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Broken promises in deceased estates

By Andrew Steele - 18 May 2018

In their advancing years, many people come to rely on the support, services and affection of others. Often this support is not from family members. In such instances many people make or imply promises that they will look after the service provider in their will. The promises are more often than not made to secure the benefits supplied, but can be made simply as a reward or 'gesture of gratitude' for the services supplied.

Court judgments provide many examples where a will-maker failed to make good on such promises in their will. In some cases because the will-maker simply didn't get around to changing their will to reflect the promise. In other cases it seems that they duplicitously reneged on their promises and chose to pass on their bounty to 'family', presumably, on the basis that 'blood is thicker than water'.

People who have done work or provided services to someone on the strength of an implied or actual promise (whether in writing or orally) that they would be provided for or 'looked after' in that person's will can bring a claim against the executors of the promisor's estate to enforce the promise.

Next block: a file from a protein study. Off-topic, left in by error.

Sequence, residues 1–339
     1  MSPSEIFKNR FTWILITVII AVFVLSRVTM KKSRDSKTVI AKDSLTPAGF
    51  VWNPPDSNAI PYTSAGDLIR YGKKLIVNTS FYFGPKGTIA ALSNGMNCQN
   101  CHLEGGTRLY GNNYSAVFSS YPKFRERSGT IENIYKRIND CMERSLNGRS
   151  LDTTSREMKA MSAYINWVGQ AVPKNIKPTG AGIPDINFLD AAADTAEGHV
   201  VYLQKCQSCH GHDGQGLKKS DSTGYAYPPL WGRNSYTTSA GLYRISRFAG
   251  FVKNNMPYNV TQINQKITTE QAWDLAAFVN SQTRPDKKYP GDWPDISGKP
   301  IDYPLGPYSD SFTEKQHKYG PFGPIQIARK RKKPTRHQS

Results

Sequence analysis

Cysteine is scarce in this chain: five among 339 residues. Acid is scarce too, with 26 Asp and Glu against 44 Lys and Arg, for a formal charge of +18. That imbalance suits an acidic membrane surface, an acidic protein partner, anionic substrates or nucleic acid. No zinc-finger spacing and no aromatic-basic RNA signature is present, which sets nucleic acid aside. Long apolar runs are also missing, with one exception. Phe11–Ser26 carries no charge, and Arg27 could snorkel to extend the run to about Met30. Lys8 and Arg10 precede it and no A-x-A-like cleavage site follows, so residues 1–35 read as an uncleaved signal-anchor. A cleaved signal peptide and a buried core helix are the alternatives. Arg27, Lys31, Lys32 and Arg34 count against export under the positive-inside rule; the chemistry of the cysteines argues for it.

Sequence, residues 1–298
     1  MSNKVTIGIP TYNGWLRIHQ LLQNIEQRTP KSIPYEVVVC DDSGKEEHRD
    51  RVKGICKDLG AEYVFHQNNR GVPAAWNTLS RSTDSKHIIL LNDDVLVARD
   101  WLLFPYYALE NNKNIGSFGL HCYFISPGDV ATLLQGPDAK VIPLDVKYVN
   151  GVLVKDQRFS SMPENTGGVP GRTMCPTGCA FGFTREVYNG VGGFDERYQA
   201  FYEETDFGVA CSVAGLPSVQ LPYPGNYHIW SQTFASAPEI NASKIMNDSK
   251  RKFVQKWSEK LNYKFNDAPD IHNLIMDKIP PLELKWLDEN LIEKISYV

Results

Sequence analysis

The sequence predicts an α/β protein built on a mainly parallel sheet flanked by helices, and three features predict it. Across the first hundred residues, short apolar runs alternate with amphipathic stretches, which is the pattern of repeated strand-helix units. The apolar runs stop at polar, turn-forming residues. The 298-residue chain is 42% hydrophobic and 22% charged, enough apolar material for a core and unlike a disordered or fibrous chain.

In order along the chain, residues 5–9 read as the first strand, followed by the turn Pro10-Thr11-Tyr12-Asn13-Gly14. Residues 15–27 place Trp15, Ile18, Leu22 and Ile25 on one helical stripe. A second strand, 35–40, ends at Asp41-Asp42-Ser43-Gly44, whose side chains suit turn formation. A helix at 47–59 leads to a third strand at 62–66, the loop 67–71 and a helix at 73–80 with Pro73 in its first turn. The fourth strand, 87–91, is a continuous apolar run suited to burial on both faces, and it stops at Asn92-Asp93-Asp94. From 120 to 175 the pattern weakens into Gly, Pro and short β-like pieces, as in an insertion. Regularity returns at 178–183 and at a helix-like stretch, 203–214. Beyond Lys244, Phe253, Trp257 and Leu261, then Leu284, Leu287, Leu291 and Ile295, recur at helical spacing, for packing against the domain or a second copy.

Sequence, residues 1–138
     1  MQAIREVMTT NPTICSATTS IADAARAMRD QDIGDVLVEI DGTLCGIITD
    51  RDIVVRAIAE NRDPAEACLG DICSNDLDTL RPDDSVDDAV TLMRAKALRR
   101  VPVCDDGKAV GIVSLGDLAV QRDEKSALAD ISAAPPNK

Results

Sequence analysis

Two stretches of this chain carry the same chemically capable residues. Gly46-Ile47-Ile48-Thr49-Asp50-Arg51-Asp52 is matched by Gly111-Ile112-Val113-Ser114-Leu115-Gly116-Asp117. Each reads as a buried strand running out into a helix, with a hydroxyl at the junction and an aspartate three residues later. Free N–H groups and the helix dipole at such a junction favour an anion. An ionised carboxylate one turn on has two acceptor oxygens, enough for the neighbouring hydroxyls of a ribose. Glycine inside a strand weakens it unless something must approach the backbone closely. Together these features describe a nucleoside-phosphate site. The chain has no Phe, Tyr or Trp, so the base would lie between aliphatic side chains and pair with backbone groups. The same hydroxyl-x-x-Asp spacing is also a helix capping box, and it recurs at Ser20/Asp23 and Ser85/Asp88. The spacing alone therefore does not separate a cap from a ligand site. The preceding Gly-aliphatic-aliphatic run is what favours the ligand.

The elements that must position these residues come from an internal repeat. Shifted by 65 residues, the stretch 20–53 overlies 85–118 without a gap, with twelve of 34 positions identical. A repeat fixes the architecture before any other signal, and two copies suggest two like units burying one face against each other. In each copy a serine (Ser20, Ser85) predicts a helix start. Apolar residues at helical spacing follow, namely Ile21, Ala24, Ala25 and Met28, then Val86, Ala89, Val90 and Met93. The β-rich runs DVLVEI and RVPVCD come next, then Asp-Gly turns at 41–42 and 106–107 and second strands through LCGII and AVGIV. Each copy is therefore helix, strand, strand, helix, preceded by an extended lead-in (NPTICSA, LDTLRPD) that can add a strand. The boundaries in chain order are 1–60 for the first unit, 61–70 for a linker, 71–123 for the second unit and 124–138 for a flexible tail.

Such claims are made possible by the Law Reform (Testamentary Promises) Act 1949 (the TPA) - legislation unique to New Zealand.

The Courts have interpreted the TPA in a liberal way in order to remedy the unfairness of failed promises. For instance, a promise need not meet the standard of a contractual promise. The promise may be inferred from the circumstances rather than expressed aloud. And the promise can occur before or after the services were supplied.

Similarly, work and services are given broad meanings so as to include not only things done for the deceased but also companionship, affection and emotional support.

If you provided work or services of the kind described above in circumstances where you understood that the now deceased person would reward you in their will, but they have not done so, then you may well have a claim to pursue against that person's estate.

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Andrew Steele

 

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